February 4, 2009, [MD]
I love seeing material in multiple languages, even languages I don't understand. As populations have become more diverse around the world, public libraries have risen to the challenge, and whether you visit the Public Library in Oslo, or in Toronto, they have wonderful collections of children and adult books (and often films, DVDs, magazines and newspapers as well) in a wide variety of languages. In Toronto it's fun going "branch shopping", since the library has something like 99 branches, and each branch tailors its material to the local population - thus you can see many Indian languages at the Gerrard branch, and Polish and Serbian at the Roncesvalles branch.
However, the big chain bookstores in Canada are anglo-only. If you visit a Chapters (pretty much the only chain bookstore in Canada), and ask for books in other languages, they'll show you the dictionary section. They don't have anything in French (in Toronto at least, maybe in Ottawa it's different), nor in Spanish or Chinese. Certainly, in the various Chinatowns there are great Chinese-language bookstores, but I always wondered - if you are successful Chinese lawyer living in a nice house in the suburbs, why is it that you have to drive downtown to Spadina (or to the huge Chinese mall in North York) to pick up the latest Hong Kong novel? Why can't you do it while taking your kids to a movie at the mall?
I've also noticed that US bookstores tend to carry more and more materials in Spanish. Of course, the Latinos in the US probably make up a bigger percentage as a single linguistic group (especially in the south) than any group does in for example Toronto (even the Chinese). In addition, at least for the Chinese, a lot of the second-generation kids cannot read Chinese, and there's the added complication of traditional vs. simplified characters. But still. Canada keeps thinking of itself as the fruit bowl and the US as the melting pot, but I wonder. As I've written about before, I found people much more confidently speaking different languages in New York than Toronto (anecdotally).
All this to say that I came across an interesting piece on books translated into English through Ethan Zuckerman's always excellent blog. It contains some very interesting news about the rise of Spanish publishing within the US, including the fact that El Código Da Vinci (The Da Vinci Code by Dan Brown in Spanish) sold 300,000 copies. Here's an excerpt from the paper:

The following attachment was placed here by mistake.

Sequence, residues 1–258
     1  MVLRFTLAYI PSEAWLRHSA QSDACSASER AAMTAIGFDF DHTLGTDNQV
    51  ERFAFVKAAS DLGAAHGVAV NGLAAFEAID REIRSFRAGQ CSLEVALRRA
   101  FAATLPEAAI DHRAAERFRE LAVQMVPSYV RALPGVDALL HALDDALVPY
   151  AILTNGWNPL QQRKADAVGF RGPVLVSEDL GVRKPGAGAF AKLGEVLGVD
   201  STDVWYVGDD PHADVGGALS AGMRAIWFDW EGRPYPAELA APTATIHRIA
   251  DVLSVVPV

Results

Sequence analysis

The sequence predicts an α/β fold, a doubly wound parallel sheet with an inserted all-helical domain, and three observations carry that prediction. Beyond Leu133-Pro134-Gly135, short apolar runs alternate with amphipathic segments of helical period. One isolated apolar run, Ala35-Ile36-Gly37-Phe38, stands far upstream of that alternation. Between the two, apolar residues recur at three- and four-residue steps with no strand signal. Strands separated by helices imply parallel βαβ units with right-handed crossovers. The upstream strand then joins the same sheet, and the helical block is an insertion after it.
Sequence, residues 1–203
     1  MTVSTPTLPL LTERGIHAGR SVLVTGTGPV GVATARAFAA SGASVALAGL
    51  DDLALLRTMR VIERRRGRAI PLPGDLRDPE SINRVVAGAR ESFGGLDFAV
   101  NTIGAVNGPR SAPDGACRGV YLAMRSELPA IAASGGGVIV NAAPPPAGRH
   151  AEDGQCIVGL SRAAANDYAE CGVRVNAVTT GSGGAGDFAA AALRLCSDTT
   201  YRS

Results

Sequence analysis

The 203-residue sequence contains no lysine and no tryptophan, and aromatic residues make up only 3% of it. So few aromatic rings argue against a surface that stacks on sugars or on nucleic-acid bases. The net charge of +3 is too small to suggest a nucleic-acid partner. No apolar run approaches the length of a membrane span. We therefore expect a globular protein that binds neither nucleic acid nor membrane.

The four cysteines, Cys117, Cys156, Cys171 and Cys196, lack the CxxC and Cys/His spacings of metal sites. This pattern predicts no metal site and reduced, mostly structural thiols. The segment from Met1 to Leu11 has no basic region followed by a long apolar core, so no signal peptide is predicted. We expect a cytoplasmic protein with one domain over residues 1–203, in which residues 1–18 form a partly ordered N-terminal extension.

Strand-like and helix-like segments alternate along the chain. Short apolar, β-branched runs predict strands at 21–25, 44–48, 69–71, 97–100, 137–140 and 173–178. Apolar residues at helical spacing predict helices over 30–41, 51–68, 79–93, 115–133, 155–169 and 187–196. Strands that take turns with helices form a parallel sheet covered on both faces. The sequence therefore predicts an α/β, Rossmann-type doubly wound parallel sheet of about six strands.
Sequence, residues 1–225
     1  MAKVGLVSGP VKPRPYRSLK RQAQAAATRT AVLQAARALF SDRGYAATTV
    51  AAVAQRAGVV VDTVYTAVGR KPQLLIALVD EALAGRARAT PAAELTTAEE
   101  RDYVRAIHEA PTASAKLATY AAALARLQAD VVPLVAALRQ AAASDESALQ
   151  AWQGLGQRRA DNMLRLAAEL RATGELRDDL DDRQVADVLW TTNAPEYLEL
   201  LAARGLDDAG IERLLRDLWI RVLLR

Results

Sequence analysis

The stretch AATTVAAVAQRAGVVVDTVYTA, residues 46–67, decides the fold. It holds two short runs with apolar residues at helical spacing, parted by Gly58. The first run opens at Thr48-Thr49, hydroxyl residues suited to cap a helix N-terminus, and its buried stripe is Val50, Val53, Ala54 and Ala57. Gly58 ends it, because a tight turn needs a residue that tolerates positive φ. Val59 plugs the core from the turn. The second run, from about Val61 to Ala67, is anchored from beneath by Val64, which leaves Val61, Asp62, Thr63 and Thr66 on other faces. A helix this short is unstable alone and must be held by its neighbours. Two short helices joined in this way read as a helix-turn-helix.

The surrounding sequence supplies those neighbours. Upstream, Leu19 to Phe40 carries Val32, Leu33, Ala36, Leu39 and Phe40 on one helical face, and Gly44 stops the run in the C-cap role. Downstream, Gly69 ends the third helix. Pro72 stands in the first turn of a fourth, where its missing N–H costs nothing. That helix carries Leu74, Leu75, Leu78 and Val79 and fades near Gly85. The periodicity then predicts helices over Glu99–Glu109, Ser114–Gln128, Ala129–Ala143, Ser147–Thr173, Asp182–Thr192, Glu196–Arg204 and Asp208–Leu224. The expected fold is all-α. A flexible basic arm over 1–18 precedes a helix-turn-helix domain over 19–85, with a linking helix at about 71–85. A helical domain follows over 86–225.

The Bilingual Publishing Trend in the US Spanish is the second most commonly used language in the US after English. According to the 2006 American Community Survey conducted by the US Census Bureau, Spanish is the primary language spoken at home by over 34 million people aged five or older. The US is home to more than 40 million Hispanics, making it the world’s fifth-largest Spanish-speaking community after Mexico, Colombia, Spain and Argentina.
A little over a decade ago, Spanish-language books occupied the smallest slice of shelf space at bookstores around the country. But the 2000 census and its revelations about the fast-growing Hispanic population sparked renewed interest among US publishing houses in meeting the reading wishes of Spanish speakers. Then came Dan Brown’s The Da Vinci Code, which not only shot up the international charts but quickly became one of the best-selling translations into Spanish of all time. While successful Spanish-language titles in the US typically sell between 15,000 and 20,000 copies, more than 300,000 copies of El Código Da Vinci were scooped off bookstore shelves across the land, ushering in what some described as a new era for Spanish-language books in America.
Now publishers are starting to time the release of English and Spanish versions so they coincide. Best-selling translations have helped the book market overall by alerting readers to the broadening selection of Spanish titles available at their local bookstores.
That was when several major US publishers began establishing divisions to cultivate new Hispanic talent and focus on the sale of both Spanish-language books and English books geared for the Hispanic market. About that time, large chain booksellers began hiring Spanish book-buyers to study market demographics and expand their Libros en Español sections. Publishers from Spain were for many years the only players serving the Hispanic market. But now they are competing with US houses for new authors and translation rights.
The author goes on to say that perhaps the rise of e-book readers (which I have been experimenting with lately, with excellent results) will enable publishers to sell directly to customers abroad, for example Spanish and Latin-American publishers could set up websites marketed directly to the diasporas in the US. I personally would love to buy Chinese and Indonesian novels online, if they were in an open format (no DRM), and I could easily pay a reasonable price.
StianStian Håklev February 4, 2009 Toronto, Canada comments powered by Disqus